Charles Hinman (b. 1932) is an Abstract Minimalist artist who pioneered hard-edged three-dimensional shaped canvases. Starting in the mid-60s, Hinman projected the surface of his canvases forward using wood supports underneath to explore realms of light and color beyond the traditional rectangular picture plane. Born in Syracuse, New York, Hinman earned a BFA from Syracuse University in 1955 and studied at the Syracuse Museum of Fine Arts (now the Everson Museum of Art) and the Art Students League.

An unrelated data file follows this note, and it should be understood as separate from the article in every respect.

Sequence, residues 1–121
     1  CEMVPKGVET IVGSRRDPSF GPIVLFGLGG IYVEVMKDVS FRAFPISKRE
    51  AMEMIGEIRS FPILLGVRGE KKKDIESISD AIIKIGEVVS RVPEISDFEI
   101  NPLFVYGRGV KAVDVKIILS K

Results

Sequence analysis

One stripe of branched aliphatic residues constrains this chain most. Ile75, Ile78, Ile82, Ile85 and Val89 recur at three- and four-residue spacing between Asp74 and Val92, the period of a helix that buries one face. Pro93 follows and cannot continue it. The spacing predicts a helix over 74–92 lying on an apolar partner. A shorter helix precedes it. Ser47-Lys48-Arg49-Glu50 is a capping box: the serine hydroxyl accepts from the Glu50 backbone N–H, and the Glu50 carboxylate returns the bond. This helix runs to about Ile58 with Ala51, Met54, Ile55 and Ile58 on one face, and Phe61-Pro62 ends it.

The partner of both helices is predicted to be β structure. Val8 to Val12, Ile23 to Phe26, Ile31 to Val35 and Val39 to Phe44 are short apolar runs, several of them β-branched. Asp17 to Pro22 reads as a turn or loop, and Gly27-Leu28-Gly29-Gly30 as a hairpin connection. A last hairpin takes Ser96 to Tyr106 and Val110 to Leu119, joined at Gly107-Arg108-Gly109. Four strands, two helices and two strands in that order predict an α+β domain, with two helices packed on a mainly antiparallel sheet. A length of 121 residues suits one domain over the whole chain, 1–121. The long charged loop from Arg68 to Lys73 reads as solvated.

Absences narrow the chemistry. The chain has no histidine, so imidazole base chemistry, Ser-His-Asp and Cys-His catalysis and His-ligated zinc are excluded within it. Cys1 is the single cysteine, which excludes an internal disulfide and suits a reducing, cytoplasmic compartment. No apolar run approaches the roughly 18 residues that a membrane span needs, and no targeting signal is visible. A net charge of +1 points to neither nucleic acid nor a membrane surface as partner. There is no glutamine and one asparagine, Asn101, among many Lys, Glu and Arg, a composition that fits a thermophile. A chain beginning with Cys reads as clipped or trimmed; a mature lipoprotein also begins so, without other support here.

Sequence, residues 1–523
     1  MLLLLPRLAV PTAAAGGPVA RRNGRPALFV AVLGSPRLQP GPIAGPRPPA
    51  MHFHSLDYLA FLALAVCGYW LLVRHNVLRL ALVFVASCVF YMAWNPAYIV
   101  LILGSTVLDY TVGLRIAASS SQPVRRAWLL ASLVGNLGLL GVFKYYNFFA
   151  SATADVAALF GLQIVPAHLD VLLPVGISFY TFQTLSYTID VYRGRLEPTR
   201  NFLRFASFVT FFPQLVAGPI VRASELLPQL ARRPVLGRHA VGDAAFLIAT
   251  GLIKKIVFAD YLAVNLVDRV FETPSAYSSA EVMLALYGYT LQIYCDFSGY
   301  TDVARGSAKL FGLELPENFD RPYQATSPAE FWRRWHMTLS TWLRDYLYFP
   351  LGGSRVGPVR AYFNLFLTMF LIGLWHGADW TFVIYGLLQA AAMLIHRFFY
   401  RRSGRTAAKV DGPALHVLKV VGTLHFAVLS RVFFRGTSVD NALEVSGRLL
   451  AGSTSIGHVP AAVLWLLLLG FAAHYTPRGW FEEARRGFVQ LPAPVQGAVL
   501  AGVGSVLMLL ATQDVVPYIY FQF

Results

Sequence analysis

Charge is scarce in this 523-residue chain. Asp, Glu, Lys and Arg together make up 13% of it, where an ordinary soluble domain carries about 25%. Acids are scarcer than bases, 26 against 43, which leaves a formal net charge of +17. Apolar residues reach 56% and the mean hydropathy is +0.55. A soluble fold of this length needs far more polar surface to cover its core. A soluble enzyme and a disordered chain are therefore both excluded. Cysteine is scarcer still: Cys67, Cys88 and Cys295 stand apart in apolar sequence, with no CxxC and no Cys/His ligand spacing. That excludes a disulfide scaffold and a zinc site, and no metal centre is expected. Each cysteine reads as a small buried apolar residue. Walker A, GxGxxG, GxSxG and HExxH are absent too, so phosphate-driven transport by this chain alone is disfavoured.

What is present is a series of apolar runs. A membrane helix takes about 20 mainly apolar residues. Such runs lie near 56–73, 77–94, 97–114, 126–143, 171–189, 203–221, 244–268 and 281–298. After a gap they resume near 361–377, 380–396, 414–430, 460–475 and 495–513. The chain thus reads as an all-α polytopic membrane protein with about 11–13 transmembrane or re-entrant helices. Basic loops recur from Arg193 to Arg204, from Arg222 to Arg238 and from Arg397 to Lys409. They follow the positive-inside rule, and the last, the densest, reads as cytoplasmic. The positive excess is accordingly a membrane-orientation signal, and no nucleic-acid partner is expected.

His road to his career as a painter was unconventional; Hinman played professional baseball for the Milwaukee Braves and served in the United States Army from 1956 to 1958. His major exhibitions in the mid-60s include shows at the Sidney Janis Gallery (Seven New Artists, 1964-65), the Richard Feigen Gallery (solo exhibition, 1965), Tibor de Nagy Gallery (Shape and Structure, 1965), and the Whitney Museum (Young America, 1965). Hinman has received many awards including at the Everson Museum, three at the Butler Institute of American Art, a Pollock-Krasner Foundation grant, and a Guggenheim Fellowship. His work can be found in the collections of Whitney Museum of American Art, the Museum of Modern Art, Los Angeles County Museum of Art, the Hirschhorn Museum and Sculpture Garden, the Denver Art Museum, the Nagaoka Museum in Japan, the Tel Aviv Museum in Israel, and others.